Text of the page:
The Case for Arming Ukraine

2017/8/8 20:33:06

Sending weapons to Kyiv would reaffirm America’s commitment to the post-Cold War global order while raising the cost of Moscow’s continued territorial aggression.


Photo: Ukrainian soldiers at the Yavoriv Combat Training Center in June. (Photo: US Army Sergeant Anthony Jones 


By Casey Michel for the National Review, Aug 8, 2017


Last week, Michael Brendan Dougherty wrote a piece here calling for the U.S. to refrain from sending further arms to Ukraine. Unfortunately, the piece betrayed a lack of familiarity with the post-Soviet space and a broader ignorance of regional dynamics and came to a conclusion anathema to American interests, both current and future.


 Dougherty’s conclusion — that President Trump, despite support from Congress and those in the White House, should hold off on delivering anti-tank missiles to Ukraine — rests on a handful of points. First, to Dougherty, the delivery of such missile systems would “not meaningfully deter Moscow’s aggression” because the “Russian public [has] proven willing to lose troops in battle over the last two decades in vicious wars in Chechnya.”


To those unfamiliar with the subject, there’s a whiff of truth to this argument, insofar as no amount of proposed American weaponry will allow Ukraine to defeat Russia outright. But the notion that defeating Russia outright would be the goal of any effort to arm Ukraine is simply false. No serious analyst has argued that American anti-tank arms would allow Kyiv to “beat” Moscow. Indeed, the Kremlin’s regional “escalation dominance” remains one of the facts on which both sides agree.


Contra Dougherty, the purpose of sending weapons to Kyiv would be to heighten the costs of continued conflict for the Kremlin, which is currently slogging through yet another year of negligible growth. Because while Dougherty may view Russia, especially its government, as willing to sacrifice sufficient troops to defend the beleaguered separatists in eastern Ukraine, all available evidence suggests the opposite.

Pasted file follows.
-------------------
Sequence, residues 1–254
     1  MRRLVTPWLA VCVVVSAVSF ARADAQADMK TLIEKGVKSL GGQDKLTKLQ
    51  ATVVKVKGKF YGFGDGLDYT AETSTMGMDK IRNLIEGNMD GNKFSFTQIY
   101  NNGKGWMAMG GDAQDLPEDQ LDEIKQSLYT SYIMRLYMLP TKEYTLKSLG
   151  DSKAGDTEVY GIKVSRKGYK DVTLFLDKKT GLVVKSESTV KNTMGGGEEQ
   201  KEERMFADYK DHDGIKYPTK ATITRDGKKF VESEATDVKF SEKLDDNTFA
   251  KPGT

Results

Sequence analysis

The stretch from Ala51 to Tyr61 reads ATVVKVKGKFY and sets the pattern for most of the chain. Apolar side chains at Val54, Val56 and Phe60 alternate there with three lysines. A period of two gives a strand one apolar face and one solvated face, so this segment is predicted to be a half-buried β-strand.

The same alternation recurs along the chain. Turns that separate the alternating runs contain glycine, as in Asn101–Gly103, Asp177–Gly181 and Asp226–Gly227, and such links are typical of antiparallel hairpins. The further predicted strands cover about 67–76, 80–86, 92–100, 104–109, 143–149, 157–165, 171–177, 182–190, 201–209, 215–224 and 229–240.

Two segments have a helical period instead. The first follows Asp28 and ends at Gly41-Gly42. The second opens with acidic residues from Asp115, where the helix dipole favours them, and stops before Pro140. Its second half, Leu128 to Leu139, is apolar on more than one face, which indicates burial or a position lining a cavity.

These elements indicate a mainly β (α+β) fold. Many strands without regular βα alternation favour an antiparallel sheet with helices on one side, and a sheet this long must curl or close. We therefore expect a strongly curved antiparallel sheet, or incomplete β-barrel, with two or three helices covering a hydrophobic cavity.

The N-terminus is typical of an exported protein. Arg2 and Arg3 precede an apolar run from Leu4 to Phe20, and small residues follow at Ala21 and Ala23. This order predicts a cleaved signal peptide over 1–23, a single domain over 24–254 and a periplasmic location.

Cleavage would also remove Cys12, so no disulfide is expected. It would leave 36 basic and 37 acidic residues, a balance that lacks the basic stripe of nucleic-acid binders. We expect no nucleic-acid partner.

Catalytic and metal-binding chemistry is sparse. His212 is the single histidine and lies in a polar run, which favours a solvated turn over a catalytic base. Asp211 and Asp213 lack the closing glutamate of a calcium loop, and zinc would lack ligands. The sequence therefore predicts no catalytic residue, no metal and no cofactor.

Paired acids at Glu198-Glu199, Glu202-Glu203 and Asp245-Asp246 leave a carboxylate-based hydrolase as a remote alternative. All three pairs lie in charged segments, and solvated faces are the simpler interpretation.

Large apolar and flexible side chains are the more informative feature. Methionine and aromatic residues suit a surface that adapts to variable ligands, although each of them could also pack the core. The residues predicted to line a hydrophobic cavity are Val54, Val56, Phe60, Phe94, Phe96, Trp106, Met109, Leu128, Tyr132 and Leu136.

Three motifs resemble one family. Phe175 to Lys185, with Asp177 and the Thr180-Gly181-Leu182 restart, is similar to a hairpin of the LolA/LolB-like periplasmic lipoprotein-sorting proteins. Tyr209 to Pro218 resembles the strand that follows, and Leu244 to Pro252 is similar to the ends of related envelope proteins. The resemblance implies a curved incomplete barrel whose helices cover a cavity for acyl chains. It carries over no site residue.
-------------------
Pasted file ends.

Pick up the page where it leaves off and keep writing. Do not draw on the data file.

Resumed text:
There’s a reason Russian authorities have effectively shunned public acknowledgment of the Russian forces fighting in Ukraine. Authorities have already gone so far as to arrest elderly women attempting to understand Russia’s role in the region, and the country has seen lawmakers beaten simply for attempting to document Russian soldiers’ deaths. This is because while many within Russia continue to support the Russian-backed separatists in the region, their support is purely rhetorical, and will remain so as Russians’ belts keep tightening. At last check, barely 10 percent of Russians were willing to send their children to fight on the state’s behalf in eastern Ukraine — a reality the Kremlin, recently shaken by sudden, unprecedented protests, must recognize.


Dougherty, unfortunately, fails to discern between Chechnya (a constituent republic within Russia proper) and eastern Ukraine (a slice of the fanciful “Novorossiya” whose star has only waned since 2014). He may believe that Russians stand ready to sacrifice for greater autonomy in eastern Ukraine, but such claims only highlight his thin understanding of post-Soviet dynamics.


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